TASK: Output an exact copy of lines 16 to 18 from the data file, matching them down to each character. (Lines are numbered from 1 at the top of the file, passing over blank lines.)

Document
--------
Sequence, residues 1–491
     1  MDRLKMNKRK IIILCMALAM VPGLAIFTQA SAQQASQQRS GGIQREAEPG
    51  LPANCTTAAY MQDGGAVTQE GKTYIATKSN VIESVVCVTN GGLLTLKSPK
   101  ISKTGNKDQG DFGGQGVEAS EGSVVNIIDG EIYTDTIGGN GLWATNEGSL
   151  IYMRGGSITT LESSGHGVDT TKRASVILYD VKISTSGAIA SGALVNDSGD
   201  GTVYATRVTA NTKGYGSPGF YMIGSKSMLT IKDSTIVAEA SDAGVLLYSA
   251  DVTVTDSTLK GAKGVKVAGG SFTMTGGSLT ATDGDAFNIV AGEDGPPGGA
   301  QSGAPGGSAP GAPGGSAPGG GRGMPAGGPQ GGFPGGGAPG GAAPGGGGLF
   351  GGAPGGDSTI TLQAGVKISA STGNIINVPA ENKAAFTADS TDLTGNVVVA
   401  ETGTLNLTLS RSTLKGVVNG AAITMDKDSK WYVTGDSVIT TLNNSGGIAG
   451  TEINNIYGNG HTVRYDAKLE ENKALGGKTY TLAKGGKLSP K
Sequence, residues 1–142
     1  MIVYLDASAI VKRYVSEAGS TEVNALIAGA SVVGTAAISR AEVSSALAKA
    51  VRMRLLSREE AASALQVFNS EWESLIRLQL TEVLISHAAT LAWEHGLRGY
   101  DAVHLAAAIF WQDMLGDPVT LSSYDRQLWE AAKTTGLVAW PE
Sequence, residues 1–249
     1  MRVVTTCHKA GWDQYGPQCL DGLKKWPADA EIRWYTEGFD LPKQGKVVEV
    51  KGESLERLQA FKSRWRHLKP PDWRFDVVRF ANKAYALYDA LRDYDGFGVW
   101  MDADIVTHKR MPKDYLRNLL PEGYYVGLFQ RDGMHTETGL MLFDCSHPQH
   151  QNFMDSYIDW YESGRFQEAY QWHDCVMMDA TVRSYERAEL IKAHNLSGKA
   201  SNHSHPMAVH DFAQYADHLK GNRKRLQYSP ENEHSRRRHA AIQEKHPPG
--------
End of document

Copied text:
Sequence, residues 1–249
     1  MRVVTTCHKA GWDQYGPQCL DGLKKWPADA EIRWYTEGFD LPKQGKVVEV
    51  KGESLERLQA FKSRWRHLKP PDWRFDVVRF ANKAYALYDA LRDYDGFGVW